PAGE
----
Brands spend huge resources perfecting their brand image and proposition but all too often, if gets lost in translation.
Brands invest huge resources in creating, developing and perfecting their brand. From setting themselves apart in their marketplace and developing the core elements that connect with their audience, through to their tone of voice and visual assets, branding plays a huge role in connecting an organisation with its consumers.
But when it comes to taking that brand to new markets and new territories, even the most carefully cultivated brand can end up being lost in translation. Even the slightest misunderstanding in cultural nuances, social sentiment or local conventions can bring a carefully-planned brand strategy crashing down.
Mistakes can cause short-term embarrassment – the sort of storm that soon passes with a good crisis management plan - but others can have severe long-term repercussions. The risk of that ill-fated ‘Ratner moment’ increases when you start to take a brand out of its native language, away from its existing customer base, away from its native environment and out of its comfort-zone.
Even the biggest global brand can get miscue cultural cues and sentiments. Global FMCG brands, with all the resources that you would expect them to have to get this difficult balance right, have been accused of marketing communications that have been culturally insensitive, nonsensical or even offensive.
So what does it take to get it right and, more importantly, to avoid those mistakes and pitfalls?
It’s more than a translation
Perhaps the biggest mistake that even the most successful global brands have made in the past when it comes to taking their brand to new territories is to set up a message that works for their main market and simply try to translate it. The quick solution is often a one-to-one translation of the main market content, which can result in activity that’s just not right for your local audience. What comes across perfectly in your native language may not come across in quite the same way in different languages, other cultures or in different political, social and economic environments.
Instead, aim to set a central strategy from the start and get local experts involved in the early stages of your planning ensure messaging will work across target localities. While it may seem more time-consuming to get more opinions involved in the planning stages, you will be able to save valuable time and money in the long run.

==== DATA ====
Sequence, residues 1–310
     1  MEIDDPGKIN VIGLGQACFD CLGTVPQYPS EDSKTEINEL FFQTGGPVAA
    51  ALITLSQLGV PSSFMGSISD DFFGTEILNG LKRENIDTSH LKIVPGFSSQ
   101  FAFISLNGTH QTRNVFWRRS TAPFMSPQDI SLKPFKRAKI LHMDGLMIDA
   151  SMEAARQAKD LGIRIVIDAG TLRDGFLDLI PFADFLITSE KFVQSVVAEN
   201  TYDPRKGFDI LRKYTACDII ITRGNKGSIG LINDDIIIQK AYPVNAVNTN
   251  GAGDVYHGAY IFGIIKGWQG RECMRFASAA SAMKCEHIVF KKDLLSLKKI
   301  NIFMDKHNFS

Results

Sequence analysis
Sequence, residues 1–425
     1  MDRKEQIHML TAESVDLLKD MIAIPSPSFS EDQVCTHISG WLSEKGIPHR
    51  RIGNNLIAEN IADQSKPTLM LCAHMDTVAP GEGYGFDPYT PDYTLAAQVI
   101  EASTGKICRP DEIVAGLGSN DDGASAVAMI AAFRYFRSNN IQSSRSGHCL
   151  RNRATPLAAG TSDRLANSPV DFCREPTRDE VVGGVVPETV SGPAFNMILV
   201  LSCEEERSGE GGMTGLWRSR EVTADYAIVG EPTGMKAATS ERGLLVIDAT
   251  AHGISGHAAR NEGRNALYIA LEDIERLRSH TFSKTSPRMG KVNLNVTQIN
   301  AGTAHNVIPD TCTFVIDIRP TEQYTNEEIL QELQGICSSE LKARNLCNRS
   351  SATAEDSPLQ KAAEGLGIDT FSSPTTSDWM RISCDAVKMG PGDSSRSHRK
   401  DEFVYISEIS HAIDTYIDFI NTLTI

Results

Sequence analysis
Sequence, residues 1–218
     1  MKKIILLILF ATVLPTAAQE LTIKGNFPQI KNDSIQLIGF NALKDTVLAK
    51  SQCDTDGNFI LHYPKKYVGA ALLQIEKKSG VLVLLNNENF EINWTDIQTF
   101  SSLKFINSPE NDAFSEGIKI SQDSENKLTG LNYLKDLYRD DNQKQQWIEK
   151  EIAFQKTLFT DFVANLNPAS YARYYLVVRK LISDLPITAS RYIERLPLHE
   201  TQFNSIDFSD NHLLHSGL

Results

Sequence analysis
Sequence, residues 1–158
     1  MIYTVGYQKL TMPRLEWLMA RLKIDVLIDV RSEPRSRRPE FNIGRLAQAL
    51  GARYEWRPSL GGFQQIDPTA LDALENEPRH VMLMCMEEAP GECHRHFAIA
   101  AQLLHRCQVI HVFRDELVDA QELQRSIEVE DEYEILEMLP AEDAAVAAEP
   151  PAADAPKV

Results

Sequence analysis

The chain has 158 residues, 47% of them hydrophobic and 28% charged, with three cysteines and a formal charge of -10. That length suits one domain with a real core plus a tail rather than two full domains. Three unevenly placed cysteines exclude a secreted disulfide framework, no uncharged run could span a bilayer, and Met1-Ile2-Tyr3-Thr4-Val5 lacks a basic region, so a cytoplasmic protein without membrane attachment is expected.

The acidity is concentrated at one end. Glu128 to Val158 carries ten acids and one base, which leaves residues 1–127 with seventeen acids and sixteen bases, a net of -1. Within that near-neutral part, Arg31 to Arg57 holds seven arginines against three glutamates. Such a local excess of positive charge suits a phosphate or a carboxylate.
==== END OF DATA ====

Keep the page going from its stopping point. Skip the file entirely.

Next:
Once the central brand messaging is set up, you can start localising it (and remember that localising and translating are two different things). Construct your main market message before allowing native speakers to localise it for you.
Research your way to success
Effective, thorough research is essential for any campaign. If you’re planning activity across borders, you should treat each market as a separate campaign and invest plenty of time to carry out extensive background research. Find out who your audience is in each country, be aware of any potential cultural challenges and take a close look at your competitors before you go ahead with the creation.
You may have launched your business decades ago and learned everything there is to know about the audience in your native country. The data you collated over the years can be a helpful starting point, but you shouldn’t assume that this will reflect your target audience in every other market.
For each country, make sure to find out everything you can about the demographics, interests and online behaviour of the people you want to reach. What’s the average age, income and gender of your audience? Are locals more interested in hard facts, such as data-led news stories or creative insights that stir emotions and are led by great visuals?
Look for the best way to approach your local customers and find out which social channels they use. They might prefer reading well-researched whitepapers, while UK audiences are engaging more with inspiring content.